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CREPELLO
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Re: Trekking butterfly bars

Postby CREPELLO » 24 Sep 2012, 10:40am

Yes, I suspect your seatpost may have something to do with it. You say the bike somehow feels 'too long'. The paradox of fitting an (near) inline seatpost is that it will throw much more weight onto the front (wrists/hands), perhaps giving the impression of being stretched out.

This would be all well and good for a racing cyclist who would then fit a longer stem to achieve that stetched out and powerful riding position. But it's not the ideal approach for most average cyclists who appreciate a bit of comfort.

I've never payed much attention to the KOPS system of saddle fit myself - I've done it through trial and error. I started myself with a USE sus seatpost which was inline. I soon appreciated that I needed at least some layback. One way I think of saddle fit is to see if I can cycle no-hands with hands just above the bars - if only for a few seconds. You want to be able to balance your body on the saddle without falling forward. Any suggestion of needing to move back on the saddle to attain this feat suggests more lay back is needed IMO. That is unless you would be a athletic cyclist with a strong torso and strong legs which will also help support the torso.

I suppose you could have too much lay back on a bike, but it seems that most modern frames suffer from seat tube angles too steep rather than too shallow see viewtopic.php?f=5&t=68475

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CREPELLO
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Re: Trekking butterfly bars

Postby CREPELLO » 24 Sep 2012, 10:48am

Did Roberts spec that seatpost for you? Particularly with the Brooks saddle I think it's a strange combination for a tourer. Even if you've had the bike for a while, I'd still go back to them and voice your greivences. You payed for a gold plated bike which includes the fitting like a glove. They should take your legitimate concerns on board and make good advice on a good seatpost/stem/bar combination.

Failing that, it would be worth having a proper bike fit done, to look at your cycling style/body proportions and the right components.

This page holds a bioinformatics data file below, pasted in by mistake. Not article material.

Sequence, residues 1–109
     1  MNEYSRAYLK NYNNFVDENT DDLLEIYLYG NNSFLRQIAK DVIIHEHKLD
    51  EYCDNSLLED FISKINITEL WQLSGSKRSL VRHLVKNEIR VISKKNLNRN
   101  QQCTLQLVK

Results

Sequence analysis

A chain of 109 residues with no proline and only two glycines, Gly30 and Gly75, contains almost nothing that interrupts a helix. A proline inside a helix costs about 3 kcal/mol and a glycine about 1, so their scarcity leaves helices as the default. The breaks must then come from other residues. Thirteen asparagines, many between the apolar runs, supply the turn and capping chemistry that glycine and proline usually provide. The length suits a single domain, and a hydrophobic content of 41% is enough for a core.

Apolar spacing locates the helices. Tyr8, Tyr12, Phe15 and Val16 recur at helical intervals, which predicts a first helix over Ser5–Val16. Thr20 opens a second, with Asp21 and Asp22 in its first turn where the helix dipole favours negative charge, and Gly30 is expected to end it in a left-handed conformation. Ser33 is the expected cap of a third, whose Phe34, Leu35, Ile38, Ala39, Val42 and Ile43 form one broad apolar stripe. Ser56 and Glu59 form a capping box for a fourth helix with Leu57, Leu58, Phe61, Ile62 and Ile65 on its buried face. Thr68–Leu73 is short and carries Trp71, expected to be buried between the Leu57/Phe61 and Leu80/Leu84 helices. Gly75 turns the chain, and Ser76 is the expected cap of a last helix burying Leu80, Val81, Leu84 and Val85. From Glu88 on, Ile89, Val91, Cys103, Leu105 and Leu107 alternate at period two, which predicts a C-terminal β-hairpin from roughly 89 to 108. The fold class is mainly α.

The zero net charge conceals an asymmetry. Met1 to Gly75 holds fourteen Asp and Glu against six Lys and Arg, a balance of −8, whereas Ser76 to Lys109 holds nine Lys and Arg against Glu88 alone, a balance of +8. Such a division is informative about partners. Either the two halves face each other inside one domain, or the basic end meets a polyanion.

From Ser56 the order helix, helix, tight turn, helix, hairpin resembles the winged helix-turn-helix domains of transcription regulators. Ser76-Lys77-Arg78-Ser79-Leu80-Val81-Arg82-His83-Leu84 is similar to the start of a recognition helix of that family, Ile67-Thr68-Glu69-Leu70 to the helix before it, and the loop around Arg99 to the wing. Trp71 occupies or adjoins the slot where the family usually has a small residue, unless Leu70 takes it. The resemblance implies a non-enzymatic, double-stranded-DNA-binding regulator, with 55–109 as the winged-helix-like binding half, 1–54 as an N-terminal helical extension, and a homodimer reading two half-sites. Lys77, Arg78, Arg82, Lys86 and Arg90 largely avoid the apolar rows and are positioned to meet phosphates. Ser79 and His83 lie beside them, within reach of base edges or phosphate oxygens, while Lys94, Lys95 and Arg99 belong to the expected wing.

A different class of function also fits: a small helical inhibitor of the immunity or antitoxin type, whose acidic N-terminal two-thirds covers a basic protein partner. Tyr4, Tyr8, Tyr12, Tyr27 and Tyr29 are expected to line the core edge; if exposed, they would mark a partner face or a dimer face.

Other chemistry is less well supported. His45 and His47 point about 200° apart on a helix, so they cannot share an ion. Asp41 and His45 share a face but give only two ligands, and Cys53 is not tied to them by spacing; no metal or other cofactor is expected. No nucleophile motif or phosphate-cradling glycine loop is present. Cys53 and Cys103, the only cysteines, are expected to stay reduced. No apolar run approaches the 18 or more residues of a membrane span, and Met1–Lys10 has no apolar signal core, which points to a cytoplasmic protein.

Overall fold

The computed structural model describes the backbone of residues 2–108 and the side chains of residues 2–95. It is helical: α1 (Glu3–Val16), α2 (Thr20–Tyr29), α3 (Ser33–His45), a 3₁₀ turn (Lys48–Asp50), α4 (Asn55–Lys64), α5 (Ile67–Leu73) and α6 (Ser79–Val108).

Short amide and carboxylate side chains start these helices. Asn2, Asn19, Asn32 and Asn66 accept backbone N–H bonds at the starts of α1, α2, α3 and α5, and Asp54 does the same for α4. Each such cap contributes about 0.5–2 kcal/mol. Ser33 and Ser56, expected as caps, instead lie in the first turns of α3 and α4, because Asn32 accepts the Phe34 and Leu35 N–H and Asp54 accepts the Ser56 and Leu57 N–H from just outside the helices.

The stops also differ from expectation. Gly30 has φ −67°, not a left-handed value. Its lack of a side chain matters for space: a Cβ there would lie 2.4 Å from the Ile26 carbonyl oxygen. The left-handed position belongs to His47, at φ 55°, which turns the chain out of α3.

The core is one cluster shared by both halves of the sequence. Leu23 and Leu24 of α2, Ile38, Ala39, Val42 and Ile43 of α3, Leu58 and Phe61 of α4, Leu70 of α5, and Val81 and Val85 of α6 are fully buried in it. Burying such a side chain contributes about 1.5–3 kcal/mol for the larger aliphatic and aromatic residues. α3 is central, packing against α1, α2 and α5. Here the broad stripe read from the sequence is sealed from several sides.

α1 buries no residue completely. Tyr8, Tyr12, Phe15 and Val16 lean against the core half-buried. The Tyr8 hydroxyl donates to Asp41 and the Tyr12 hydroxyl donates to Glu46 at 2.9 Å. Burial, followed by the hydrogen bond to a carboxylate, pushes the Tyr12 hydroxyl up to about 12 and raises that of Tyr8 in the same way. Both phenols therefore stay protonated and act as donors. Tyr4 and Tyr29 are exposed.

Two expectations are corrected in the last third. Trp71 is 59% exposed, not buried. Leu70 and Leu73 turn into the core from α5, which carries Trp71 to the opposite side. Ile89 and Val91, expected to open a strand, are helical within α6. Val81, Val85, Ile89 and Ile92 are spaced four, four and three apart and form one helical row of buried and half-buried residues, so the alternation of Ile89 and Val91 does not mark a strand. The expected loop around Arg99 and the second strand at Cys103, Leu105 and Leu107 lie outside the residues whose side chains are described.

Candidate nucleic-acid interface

As an aside, I often wonder why Brooks don't make or market there own seatposts with nice lay back. They must know there's an issue with these shorter saddle rails, combined with the steeper seat tube angles of modern bikes. They've got Reynolds down the road, who could provide some decent tubing. Surely a whole new market awaits?

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Erudin
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Re: Trekking butterfly bars

Postby Erudin » 24 Sep 2012, 12:39pm

Hope you get the bike fit sorted OP, have you tried different stem lengths and angles? I've just fitted a BBB Multibar Butterfly Bar and 13cm HighSix Adjustable Stem to my old Ridgeback MTB.

I sometimes get a bit of tingling/numbness in hands on longer rides with flat bars now so giving butterfly bars a try, don't have any problems with drop bars. I managed to convert my other flat bar mtb to drops, used a very short 45mm stem and short reach compact bars to get the fit the same as my drop bar audax bike, surprisingly it still handles/steers fine unloaded or with loaded barbag and panniers.

The foam grips took a while to get on the butterfly bar, but a bit of water helped them slide on. First impressions are the reach to the brake section is shorter and narrower than with the flat bars, the outer section feels really comfortable. Using them feels totally different to flat bars or drops, agree with what the road.cc review of the bars says:

"In use the bars take a bit of getting used to, in that handling of the bike can change radically depending on where your hands are positioned, but the beauty of the set up is its tweakability."
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Last edited by Erudin on 25 Sep 2012, 5:21am, edited 4 times in total.